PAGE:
If your business is located in a deregulated energy state, then you might already be aware that you can purchase your electricity and/or natural gas supply from a retail energy supplier. Should you decide to sign up for an energy plan, you might be presented with the option to have a dual or consolidated utility bill. This article outlines the differences between dual and consolidated energy billing, the pros and cons of each, and how to make a decision that’s best for your business.
Utility consolidated billing (UCB), also known as single billing, is a billing scenario where the local utility company displays retail energy supplier charges on the utility bill. When dissecting the anatomy of an energy bill, it is important to understand that most billing arrangements in deregulated states are UCB. This billing arrangement makes viewing your energy supplier rates simple and convenient. Let’s explore more about consolidated utility billing below.
How Does Consolidated Billing Work?
When a customer elects to sign up with a retail energy supplier for electricity or natural gas supply, then the supply portion of their total energy bill is handled by the new provider. In many states, retail providers are electronically integrated with local utilities so that the utility can post the supplier charges directly on the customer’s utility bill.
When a single bill is issued by the utility company, the utility collects both the distribution and supply charges from the customer. The utility, then, in turn, sends the retail supplier its portion of the total bill.
Why Would Utilities Handle Billing For Energy Suppliers?
Great question! Utility companies offer consolidated billing for a fee to suppliers. That fee can range anywhere from 1-3% of the total supply charges on the invoice.
Many suppliers elect for UCB since it makes things easier for the customer to receive a single bill. In fact, with UCB customers still, simply pay one bill each month to their local utility companies.
Industry Insider Fact: Did you know that in some states, utility companies even offer a program called Purchase of Receivables (POR) for utility consolidated customers? In this setup, utilities actually purchase the receivable from the supplier for the customer’s supply charges at a discounted rate. The utility then collects the total amount from the customer on a single UCB bill.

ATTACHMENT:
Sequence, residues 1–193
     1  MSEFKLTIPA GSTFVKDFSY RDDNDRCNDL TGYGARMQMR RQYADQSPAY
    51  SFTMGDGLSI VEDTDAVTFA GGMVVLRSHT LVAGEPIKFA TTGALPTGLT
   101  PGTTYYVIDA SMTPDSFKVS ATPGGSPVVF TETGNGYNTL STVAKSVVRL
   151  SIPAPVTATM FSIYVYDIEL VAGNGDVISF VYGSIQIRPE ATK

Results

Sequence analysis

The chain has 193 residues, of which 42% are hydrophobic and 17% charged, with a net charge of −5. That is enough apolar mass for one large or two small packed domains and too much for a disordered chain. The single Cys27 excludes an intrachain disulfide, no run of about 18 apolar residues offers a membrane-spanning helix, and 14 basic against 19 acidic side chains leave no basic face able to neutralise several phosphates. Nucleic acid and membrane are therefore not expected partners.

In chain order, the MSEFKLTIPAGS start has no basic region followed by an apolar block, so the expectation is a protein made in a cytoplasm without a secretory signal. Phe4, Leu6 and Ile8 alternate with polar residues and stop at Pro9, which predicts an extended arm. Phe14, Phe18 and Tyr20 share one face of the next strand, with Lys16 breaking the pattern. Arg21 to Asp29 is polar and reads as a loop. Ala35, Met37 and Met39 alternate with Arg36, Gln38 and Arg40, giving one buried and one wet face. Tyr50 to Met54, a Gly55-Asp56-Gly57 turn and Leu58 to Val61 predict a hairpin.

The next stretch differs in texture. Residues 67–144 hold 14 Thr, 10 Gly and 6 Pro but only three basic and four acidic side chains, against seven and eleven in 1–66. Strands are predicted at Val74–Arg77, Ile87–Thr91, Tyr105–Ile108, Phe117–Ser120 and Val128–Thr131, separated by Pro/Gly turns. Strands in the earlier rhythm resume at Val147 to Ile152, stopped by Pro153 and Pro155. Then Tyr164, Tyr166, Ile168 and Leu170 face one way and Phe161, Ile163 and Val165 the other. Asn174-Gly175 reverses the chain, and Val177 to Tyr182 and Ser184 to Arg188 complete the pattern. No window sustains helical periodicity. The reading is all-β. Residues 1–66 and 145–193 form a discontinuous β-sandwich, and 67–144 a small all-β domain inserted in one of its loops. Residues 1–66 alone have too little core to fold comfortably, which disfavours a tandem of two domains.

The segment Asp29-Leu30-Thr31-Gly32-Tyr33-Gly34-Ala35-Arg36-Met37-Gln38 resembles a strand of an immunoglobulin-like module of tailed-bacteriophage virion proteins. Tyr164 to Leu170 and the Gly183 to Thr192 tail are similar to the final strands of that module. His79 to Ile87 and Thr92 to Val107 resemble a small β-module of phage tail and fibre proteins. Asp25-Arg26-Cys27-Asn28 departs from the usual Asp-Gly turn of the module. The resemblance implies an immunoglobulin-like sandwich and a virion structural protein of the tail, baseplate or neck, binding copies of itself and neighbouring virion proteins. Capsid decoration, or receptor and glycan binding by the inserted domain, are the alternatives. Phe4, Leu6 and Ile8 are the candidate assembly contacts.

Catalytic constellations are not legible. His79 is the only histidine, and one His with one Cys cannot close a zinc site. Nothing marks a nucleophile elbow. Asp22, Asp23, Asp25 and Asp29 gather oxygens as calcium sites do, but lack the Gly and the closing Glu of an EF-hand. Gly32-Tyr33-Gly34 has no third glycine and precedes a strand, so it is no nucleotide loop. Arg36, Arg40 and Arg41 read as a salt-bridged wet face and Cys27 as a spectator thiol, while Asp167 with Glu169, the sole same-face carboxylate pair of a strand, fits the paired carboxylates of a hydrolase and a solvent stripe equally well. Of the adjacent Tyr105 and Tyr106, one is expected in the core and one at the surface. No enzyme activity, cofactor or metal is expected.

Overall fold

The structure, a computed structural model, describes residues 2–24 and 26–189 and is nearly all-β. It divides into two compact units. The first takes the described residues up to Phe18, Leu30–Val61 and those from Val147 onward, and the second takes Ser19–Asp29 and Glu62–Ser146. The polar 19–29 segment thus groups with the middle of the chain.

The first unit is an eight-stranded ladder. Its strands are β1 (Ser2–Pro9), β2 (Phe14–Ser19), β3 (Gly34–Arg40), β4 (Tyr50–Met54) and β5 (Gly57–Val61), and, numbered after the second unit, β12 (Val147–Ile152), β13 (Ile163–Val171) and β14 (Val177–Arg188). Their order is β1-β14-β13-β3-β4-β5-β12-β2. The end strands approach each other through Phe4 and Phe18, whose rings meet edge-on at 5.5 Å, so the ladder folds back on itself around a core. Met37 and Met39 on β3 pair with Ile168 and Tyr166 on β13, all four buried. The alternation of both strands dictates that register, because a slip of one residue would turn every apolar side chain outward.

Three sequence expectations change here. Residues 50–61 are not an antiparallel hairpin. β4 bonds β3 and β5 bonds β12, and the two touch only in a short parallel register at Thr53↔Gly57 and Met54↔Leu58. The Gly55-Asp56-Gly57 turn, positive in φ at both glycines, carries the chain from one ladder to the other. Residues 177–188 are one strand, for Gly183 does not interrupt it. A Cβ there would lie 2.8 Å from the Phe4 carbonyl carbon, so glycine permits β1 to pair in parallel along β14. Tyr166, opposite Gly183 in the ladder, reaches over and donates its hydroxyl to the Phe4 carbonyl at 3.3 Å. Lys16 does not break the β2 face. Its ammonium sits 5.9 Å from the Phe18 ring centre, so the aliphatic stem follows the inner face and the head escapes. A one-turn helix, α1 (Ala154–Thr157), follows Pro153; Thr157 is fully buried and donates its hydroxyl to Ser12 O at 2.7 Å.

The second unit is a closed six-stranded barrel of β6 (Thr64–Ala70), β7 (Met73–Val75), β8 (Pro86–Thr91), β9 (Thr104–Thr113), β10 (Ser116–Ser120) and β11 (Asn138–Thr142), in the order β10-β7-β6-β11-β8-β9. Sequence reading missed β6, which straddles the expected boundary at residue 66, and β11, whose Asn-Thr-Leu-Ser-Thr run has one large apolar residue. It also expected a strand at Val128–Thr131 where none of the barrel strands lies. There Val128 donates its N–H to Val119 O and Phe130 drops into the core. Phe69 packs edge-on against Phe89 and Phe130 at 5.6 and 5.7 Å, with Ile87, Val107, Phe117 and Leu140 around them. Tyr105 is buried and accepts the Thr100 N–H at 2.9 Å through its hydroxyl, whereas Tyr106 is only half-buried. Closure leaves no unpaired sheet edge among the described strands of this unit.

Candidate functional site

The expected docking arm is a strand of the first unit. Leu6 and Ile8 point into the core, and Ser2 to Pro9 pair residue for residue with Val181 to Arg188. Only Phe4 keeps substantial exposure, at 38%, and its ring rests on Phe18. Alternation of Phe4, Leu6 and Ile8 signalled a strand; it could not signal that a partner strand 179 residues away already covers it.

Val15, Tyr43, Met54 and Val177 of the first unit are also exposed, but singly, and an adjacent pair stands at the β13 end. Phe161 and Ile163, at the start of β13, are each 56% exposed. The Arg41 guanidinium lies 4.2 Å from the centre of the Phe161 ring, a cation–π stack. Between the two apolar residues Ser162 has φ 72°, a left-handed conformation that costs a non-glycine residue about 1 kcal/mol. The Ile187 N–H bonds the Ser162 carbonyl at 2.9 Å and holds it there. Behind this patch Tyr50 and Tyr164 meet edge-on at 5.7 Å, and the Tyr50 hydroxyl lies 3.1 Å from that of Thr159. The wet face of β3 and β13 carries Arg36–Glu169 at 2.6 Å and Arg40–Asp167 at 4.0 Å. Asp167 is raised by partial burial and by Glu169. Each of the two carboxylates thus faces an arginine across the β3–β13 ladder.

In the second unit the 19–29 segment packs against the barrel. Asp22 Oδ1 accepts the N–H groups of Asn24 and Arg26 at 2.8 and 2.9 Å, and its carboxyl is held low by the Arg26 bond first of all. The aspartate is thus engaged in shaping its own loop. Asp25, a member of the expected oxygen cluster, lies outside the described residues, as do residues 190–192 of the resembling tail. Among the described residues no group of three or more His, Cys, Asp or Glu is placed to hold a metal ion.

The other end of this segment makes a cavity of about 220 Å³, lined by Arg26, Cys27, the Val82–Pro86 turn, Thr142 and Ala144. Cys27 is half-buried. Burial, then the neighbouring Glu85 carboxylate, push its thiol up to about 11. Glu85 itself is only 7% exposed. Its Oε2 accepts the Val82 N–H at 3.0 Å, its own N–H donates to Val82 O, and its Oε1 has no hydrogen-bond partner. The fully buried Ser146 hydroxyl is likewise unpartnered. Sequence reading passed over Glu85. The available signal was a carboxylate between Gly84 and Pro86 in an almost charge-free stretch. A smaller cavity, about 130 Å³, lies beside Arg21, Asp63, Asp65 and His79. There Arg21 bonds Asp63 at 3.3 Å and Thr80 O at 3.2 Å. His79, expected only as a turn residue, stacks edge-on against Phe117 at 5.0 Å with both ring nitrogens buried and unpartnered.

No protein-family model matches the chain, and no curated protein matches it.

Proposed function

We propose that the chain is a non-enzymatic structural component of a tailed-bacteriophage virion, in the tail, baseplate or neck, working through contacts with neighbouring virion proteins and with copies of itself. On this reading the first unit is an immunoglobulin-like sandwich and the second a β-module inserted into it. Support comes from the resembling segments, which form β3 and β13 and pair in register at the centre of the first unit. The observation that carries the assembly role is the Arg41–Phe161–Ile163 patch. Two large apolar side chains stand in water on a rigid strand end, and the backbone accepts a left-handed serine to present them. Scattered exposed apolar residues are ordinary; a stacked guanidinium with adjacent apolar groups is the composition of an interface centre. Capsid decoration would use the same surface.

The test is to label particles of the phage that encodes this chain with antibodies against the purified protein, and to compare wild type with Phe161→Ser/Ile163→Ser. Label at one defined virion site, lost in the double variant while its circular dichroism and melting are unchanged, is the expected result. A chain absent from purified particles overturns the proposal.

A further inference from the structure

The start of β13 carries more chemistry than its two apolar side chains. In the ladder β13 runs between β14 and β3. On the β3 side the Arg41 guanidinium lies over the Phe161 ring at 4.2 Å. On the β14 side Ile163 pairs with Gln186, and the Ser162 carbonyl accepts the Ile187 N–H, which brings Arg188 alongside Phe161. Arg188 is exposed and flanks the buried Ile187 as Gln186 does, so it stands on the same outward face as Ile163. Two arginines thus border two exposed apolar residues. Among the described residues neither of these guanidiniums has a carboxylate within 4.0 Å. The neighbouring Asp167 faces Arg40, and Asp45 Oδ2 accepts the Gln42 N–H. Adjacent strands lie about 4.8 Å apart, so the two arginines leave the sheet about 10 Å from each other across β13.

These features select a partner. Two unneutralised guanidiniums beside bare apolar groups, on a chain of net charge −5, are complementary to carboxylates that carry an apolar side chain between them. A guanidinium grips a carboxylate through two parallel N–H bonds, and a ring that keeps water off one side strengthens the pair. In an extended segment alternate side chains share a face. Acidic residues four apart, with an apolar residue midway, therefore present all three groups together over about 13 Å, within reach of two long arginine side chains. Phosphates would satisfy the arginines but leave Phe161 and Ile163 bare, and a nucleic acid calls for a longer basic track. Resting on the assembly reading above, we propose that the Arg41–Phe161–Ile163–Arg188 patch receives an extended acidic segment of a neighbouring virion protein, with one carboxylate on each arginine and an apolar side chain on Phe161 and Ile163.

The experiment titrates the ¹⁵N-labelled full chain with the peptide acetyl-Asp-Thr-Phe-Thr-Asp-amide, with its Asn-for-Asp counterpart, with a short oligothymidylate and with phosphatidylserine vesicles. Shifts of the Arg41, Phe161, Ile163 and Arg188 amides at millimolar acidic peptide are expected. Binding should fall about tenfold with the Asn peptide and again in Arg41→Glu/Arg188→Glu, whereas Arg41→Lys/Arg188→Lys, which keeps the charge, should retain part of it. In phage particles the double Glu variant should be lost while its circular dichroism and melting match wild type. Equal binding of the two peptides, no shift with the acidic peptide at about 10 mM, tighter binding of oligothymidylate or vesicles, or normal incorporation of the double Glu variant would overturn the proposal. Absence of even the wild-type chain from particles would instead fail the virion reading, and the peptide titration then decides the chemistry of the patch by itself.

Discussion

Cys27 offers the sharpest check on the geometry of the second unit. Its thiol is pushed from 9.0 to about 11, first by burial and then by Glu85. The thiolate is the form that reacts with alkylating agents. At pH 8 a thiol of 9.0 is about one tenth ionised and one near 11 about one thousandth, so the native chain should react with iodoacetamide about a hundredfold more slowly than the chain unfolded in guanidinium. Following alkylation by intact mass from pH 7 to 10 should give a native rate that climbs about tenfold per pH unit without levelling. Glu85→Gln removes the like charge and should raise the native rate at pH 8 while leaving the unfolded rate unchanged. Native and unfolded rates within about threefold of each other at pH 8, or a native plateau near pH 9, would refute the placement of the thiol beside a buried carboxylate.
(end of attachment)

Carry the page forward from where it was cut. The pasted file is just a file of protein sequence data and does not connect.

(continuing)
This is a great advantage to suppliers since they do not have to worry about collecting money from customers that become past due.
Consolidated Energy Bill: The Pros & Cons
There are pros and cons to utility consolidated billing for energy customers. Let’s explore the benefits and drawbacks of consolidated utility billing.
Although UCB makes accounting easier for customers, there are some downsides to this billing option. First, supplier UCB rate quotes tend to be slightly higher considering the utility company’s fee to offer a single bill and collect the receivable. Next, if the customer becomes delinquent on its utility bill, the local utility company reserves the right to shut off the energy supply to the customer’s building.
In certain situations, such as an unauthorized switch or some other sort of energy fraud, a utility consolidated bill can create problems with energy suppliers. Because this billing arrangement allows for supplier charges on the utility bill, there is no way to separate an erroneous energy supplier charge from the rest of the invoice. In fact, the invoice must get paid so that the power and gas supply continues to flow. In certain instances, your energy broker might be able to place a fraud alert on your utility account and notify the utility company that you are disputing the supplier charges. Sometimes, the utility will be lenient in these scenarios and allow the customer more time to sort out their appeal.